He politely refused to stay at the colony. He drove back to his apartment late at night, arriving about one in the morning. He couldn’t sleep, so he turned on his computer and started scrolling through the new comments on his blog. He read someone who sounded like a man telling him he was a weak bitch and should kill himself, someone who also sounded like a man telling him he was an idiot because anyone who wasn’t an idiot could easily make five thousand dollars a month from home with imagination and drive, someone who sounded like a teenager saying “yep…and you know why this dude is so fucked up, when he lives like this,” and a few other confused people trying to cut into his soul with as little effort as possible, emulating the kind of passing insults the cruel reserve for vagrants. He nervously swiveled his chair left to right, reading with a blank expression, let out a sigh, then turned off his computer and went to the kitchen to crack open a beer.

        He threw himself on his mattress and started to make funny voices because he was drunk. He made some racial caricatures where he mocked Leon’s theories. He kept repeating phrases in more exaggerated accents and making noises by blowing air through his lips but couldn’t get himself to laugh. He rolled on his side and closed his eyes. A buzzing in his head kept him awake. He got out of bed, grabbed his unfinished beer, and went to the bathroom.

        He lowered the lid on the toilet and sat down. “Where am I gonna go?” He kept thinking. He couldn’t get comfortable on the toilet seat, so he laid down in the bathtub. He started to nod off, the yellow haze blanketing him. He wanted to come up with something that would tell Leon off in his head. He eventually decided that he didn’t care, everything he heard was turning to soup now anyways. “There’s nowhere for me to go,” he thought. He glanced around at the dingy bathroom for a moment before he finally lost consciousness. “Maybe I like it here,” he thought. He wasn’t sure.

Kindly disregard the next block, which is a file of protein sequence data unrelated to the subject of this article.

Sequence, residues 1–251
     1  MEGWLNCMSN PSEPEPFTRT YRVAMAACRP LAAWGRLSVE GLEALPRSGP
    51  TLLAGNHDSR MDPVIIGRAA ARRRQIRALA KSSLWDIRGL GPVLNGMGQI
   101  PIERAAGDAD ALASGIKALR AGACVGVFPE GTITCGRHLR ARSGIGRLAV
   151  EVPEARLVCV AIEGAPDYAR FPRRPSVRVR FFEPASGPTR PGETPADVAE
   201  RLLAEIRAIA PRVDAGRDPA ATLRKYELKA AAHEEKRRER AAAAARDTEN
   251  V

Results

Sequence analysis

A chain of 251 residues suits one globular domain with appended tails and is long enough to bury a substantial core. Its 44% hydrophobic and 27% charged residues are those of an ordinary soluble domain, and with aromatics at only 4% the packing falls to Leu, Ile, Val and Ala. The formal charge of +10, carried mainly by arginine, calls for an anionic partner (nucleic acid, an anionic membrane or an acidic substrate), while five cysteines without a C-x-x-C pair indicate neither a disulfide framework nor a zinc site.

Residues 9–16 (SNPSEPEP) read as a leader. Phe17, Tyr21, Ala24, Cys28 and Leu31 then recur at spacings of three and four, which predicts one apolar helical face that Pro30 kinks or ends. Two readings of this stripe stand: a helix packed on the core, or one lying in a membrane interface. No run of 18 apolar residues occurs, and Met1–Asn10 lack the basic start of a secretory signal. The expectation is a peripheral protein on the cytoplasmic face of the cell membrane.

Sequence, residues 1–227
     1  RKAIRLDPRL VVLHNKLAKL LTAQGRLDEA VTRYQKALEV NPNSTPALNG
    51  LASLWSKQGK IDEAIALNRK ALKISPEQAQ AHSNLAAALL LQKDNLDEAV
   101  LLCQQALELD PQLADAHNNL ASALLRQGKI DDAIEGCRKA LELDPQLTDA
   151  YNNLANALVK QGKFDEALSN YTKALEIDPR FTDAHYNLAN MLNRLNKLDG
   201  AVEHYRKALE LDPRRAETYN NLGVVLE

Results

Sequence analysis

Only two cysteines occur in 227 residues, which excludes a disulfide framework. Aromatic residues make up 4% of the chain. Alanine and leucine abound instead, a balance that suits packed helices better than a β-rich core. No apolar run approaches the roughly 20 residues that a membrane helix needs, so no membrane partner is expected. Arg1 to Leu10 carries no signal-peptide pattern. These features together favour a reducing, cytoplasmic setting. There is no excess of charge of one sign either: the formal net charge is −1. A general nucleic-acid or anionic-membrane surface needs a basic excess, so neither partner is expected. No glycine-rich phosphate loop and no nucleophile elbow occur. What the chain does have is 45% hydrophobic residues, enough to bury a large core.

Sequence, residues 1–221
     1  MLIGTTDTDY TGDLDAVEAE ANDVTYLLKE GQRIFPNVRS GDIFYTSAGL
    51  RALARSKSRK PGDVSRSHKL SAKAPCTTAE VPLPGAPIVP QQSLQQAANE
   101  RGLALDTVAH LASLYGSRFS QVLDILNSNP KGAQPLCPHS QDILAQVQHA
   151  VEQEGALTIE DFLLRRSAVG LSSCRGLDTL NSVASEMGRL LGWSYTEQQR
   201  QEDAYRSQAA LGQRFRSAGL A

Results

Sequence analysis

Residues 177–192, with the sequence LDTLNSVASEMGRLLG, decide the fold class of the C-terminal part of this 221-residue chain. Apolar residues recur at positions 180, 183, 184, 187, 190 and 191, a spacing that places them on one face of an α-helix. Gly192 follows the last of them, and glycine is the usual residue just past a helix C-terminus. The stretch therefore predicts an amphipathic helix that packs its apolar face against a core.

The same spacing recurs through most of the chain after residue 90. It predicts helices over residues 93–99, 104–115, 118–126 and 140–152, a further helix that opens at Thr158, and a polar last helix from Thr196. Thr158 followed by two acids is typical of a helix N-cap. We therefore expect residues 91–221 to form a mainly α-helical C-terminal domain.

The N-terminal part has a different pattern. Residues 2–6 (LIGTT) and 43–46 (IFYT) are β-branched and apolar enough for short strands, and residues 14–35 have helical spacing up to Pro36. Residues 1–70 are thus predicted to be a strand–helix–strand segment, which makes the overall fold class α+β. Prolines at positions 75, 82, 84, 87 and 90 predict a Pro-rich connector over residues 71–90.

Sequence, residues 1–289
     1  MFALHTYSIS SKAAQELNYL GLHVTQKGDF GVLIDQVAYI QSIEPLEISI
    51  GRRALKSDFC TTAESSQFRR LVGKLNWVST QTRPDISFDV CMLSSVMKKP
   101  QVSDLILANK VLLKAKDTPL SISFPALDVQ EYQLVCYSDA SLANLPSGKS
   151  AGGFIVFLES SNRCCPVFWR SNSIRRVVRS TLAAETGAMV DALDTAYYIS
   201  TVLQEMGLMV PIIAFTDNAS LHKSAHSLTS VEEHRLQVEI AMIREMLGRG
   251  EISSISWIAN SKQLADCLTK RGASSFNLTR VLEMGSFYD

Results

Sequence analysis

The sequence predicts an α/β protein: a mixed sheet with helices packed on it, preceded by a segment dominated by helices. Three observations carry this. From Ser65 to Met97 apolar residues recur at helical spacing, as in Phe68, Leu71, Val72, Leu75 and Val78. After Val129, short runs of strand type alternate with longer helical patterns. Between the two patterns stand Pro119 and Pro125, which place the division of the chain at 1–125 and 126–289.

The morning was cold. He jerked off into the sink, stimulating himself with his right hand and holding his phone with the other so he could watch a short clip of multiple men ejaculating on a woman’s face in succession, a sexual practice referred to as “bukkake” (a Japanese word meaning to splash) originating in Japanese hardcore pornography and later emulated in Western hardcore pornography, which he was viewing for free on an adult video sharing site. This was one of his favorite genres of hardcore pornography, though he didn’t consider himself as having investigated hardcore pornography thoroughly, nor did he even want to, it was only something he found online during his preteen years and became fixated on. He may have enjoyed the anonymity of mentally inserting himself as one of the ejaculators: merely a contributor, brought on for a fraction of the starlet’s pay but given the additional benefit of participating in neutral male camaraderie afterwards, just one of the guys, perhaps making some new friends. His semen didn’t shoot that far, collecting near the overflow hole with the last few jolts and remaining partly in his urethra. He cleaned it with a disinfectant wipe and washed his hands.